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Child Abuse Facts

Signs of Child Abuse

Indicators of child abuse may include but are not limited to the signs listed below. Some signs that a child is experiencing violence or abuse are more obvious than others. Trust your instincts. Suspected abuse is enough of a reason to contact the authorities. You do not need proof.

1. Unexplained injuries. Visible signs of physical abuse may include unexplained burns or bruises in the shape of objects. You may also hear unconvincing explanations of a child’s injuries.

2. Changes in mood or behavior. Abuse can lead to many changes in a child’s mood or behavior. Abused children often appear scared, anxious, depressed, withdrawn, or more aggressive.

3. Returning to earlier behaviors. Abused children may display behaviors shown at earlier ages, such as thumb-sucking, bed-wetting, and fear of the dark or strangers. For some children, even loss of acquired language or memory problems may be an issue.

4. Relationship warning signs. You may notice behavioral changes (such as fear of someone or tantrums prior to contact) or secrecy within a relationship that is not appropriate. Not all children display fear, given that many abusers are people close to them.

5. Changes in eating. The stress, fear, and anxiety caused by abuse can lead to changes in a child’s eating behaviors, which may result in weight gain or weight loss.

6. Changes in sleeping. Abused children may have frequent nightmares or have difficulty falling or staying asleep, and as a result, may appear tired or fatigued.

7. Changes in school performance and attendance. Abused children may have difficulty concentrating in school or have excessive absences, sometimes due to adults trying to hide the children’s injuries from authorities.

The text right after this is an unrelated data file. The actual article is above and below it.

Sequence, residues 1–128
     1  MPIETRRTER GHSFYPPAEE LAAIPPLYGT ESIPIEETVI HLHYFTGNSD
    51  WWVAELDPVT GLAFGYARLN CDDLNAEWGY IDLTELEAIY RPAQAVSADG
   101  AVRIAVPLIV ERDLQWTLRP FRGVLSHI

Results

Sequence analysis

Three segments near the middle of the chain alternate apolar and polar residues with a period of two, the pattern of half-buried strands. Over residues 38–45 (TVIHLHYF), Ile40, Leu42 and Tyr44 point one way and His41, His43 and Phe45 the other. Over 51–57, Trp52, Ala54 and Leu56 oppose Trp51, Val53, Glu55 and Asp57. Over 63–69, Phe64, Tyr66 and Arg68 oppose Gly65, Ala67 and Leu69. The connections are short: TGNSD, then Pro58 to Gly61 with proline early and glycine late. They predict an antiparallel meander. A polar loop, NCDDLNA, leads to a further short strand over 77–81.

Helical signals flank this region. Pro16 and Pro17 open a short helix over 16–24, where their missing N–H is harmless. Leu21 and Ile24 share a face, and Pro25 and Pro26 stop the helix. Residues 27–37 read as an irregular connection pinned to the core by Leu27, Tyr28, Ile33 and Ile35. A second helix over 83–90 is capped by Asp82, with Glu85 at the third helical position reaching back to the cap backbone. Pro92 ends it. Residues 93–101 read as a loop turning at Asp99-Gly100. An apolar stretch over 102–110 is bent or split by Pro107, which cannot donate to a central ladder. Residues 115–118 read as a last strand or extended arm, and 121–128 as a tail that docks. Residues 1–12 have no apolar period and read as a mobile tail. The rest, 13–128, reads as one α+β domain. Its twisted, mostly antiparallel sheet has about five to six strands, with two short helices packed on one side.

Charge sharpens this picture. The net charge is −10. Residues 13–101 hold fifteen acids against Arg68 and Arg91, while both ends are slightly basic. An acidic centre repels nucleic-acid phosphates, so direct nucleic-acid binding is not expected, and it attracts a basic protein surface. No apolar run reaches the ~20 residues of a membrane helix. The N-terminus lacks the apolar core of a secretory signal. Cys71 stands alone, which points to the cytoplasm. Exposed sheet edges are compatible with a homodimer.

8. Ignored basic and developmental needs. Abused and neglected children may appear uncared for, unkempt, or malnourished despite access to community resources. They may also exhibit slowed development, such as emotional, cognitive, or physical delays.

9. Risk-taking behaviors. Young people being abused may take part in high-risk activities such as using drugs or alcohol or engage in sexual activity that may be developmentally inappropriate.

10. Problematic sexual behaviors. Children who have experienced or witnessed various kinds of abuse may exhibit overly sexualized behavior or use of explicit sexual language.

What is grooming?

Child grooming is a deliberate process by which offenders gradually initiate and maintain sexual relationships with victims in secrecy.

Suspect Abuse?



Call the hotline and make a report. If a child is in immediate danger, call 9-1-1!

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